The USD/CAD is currently capped by the 50-hour Simple Moving Average (SMA) descending into 1.3665, with intraday support currently priced in at the day’s lows near 1.3620.

Near-term bullish momentum will see a technical ceiling at the 200-hour SMA drifting into the 1.3700 handle, and rallies could see bidders getting caught in a short squeeze, though a topside break of last Friday’s peak of 1.3712 will see a shift in the lower-highs pattern.

On the daily candlesticks, the USD/CAD remains trapped under the 50-day SMA, and the pair is drifting toward the median at the 200-day SMA, just north of the 1.3500 handle.

USD/CAD Hourly Chart

USD/CAD Daily Chart

Canadian Dollar FAQs

What key factors drive the Canadian Dollar?

The key factors driving the Canadian Dollar (CAD) are the level of interest rates set by the Bank of Canada (BoC), the price of Oil, Canada’s largest export, the health of its economy, inflation and the Trade Balance, which is the difference between the value of Canada’s exports versus its imports. Other factors include market sentiment – whether investors are taking on more risky assets (risk-on) or seeking safe-havens (risk-off) – with risk-on being CAD-positive. As its largest trading partner, the health of the US economy is also a key factor influencing the Canadian Dollar.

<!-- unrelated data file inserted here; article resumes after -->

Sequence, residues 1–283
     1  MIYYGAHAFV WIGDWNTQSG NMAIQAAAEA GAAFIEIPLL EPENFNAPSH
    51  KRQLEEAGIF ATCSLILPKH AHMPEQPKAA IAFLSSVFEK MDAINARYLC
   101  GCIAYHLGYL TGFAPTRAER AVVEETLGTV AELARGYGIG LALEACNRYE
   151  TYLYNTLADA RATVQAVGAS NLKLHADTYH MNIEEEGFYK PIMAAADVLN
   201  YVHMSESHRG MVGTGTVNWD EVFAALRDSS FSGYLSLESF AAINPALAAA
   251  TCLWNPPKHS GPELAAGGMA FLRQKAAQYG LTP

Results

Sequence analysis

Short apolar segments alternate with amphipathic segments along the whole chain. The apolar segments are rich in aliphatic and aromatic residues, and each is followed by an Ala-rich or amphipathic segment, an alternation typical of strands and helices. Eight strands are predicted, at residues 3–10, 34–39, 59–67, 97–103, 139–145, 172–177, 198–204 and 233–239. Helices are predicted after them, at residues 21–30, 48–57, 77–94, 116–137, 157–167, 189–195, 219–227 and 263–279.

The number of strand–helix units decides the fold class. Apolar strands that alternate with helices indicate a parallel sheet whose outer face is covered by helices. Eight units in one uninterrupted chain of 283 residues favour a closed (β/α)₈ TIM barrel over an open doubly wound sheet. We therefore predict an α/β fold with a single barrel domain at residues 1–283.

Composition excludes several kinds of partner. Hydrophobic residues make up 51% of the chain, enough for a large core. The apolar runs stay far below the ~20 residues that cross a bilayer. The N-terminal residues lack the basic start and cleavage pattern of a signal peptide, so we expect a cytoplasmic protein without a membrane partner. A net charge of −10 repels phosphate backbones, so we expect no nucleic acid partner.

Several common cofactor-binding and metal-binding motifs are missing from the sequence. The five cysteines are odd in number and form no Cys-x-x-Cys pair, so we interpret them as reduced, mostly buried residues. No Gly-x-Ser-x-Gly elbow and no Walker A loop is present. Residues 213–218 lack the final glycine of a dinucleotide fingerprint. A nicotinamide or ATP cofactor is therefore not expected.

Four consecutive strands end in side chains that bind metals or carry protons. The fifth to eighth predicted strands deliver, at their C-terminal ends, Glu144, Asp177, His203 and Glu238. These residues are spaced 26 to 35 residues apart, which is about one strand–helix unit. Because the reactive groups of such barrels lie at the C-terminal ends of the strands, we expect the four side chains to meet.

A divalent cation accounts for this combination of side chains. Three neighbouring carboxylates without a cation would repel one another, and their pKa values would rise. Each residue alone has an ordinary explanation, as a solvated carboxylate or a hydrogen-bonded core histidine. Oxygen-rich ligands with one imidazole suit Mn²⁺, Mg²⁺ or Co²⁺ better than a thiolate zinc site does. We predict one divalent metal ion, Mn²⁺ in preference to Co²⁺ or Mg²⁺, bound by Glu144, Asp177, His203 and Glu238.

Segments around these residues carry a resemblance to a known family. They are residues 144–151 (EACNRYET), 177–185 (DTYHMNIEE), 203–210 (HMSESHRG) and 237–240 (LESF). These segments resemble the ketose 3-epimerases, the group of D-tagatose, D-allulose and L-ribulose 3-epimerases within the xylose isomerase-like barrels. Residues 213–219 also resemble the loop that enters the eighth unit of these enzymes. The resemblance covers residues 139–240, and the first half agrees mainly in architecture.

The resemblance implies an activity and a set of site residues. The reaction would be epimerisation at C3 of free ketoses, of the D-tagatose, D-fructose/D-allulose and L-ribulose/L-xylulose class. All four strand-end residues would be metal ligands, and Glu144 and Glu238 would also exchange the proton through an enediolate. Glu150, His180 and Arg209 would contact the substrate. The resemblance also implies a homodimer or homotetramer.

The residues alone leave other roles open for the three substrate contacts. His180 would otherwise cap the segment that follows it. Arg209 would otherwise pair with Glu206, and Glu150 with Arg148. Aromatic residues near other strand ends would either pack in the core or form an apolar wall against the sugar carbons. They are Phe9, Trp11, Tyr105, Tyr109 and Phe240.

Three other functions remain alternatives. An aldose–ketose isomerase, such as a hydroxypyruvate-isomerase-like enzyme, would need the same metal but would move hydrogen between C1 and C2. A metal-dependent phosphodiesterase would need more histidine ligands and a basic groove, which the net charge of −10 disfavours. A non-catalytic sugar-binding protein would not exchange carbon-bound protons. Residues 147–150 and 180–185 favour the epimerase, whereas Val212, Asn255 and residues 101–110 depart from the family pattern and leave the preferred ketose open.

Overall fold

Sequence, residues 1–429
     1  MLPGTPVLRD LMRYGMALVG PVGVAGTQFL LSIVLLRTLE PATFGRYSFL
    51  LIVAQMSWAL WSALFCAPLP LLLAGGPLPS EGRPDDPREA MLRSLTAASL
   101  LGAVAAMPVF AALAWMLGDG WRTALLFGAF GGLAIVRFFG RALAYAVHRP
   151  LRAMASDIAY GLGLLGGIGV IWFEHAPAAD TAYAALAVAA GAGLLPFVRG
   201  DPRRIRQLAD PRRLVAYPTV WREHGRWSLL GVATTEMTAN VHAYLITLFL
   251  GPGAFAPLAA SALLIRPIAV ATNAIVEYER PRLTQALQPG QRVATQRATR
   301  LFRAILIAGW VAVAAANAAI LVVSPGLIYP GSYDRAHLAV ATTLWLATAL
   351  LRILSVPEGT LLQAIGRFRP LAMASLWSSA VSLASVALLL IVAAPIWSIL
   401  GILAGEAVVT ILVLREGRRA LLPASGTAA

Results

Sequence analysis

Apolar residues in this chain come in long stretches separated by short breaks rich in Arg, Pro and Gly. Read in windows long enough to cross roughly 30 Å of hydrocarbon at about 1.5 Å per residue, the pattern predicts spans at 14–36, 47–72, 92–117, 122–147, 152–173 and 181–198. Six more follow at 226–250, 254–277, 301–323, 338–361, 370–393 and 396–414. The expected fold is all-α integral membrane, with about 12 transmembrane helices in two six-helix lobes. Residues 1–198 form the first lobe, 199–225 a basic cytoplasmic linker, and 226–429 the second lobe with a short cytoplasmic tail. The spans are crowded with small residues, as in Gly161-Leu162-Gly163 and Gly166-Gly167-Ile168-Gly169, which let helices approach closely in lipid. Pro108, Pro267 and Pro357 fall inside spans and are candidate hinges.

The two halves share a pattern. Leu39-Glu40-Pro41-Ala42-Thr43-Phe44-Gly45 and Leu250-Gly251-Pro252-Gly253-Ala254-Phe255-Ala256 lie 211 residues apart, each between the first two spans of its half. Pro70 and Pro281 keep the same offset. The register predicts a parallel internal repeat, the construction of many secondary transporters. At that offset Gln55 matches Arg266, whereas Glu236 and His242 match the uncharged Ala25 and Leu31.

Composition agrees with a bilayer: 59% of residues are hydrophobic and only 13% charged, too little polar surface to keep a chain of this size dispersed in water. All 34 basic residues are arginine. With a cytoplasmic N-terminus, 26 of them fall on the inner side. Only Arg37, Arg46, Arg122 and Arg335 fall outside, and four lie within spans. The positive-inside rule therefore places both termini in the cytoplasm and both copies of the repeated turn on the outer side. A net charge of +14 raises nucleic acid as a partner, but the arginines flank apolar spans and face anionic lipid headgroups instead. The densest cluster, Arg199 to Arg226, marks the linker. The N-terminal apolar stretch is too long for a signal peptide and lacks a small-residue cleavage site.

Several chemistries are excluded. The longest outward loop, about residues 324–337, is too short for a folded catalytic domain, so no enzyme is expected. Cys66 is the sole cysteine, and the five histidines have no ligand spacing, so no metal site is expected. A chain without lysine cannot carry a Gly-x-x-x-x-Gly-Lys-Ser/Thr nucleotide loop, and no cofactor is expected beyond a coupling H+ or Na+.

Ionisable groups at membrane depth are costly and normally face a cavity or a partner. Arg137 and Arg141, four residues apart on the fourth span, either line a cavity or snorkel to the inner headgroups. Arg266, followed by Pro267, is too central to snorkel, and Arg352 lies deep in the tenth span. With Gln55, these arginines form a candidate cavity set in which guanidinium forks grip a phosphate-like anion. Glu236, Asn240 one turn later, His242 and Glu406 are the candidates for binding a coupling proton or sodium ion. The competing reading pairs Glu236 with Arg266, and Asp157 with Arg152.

How do the decisions of the Bank of Canada impact the Canadian Dollar?

The Bank of Canada (BoC) has a significant influence on the Canadian Dollar by setting the level of interest rates that banks can lend to one another. This influences the level of interest rates for everyone. The main goal of the BoC is to maintain inflation at 1-3% by adjusting interest rates up or down. Relatively higher interest rates tend to be positive for the CAD. The Bank of Canada can also use quantitative easing and tightening to influence credit conditions, with the former CAD-negative and the latter CAD-positive.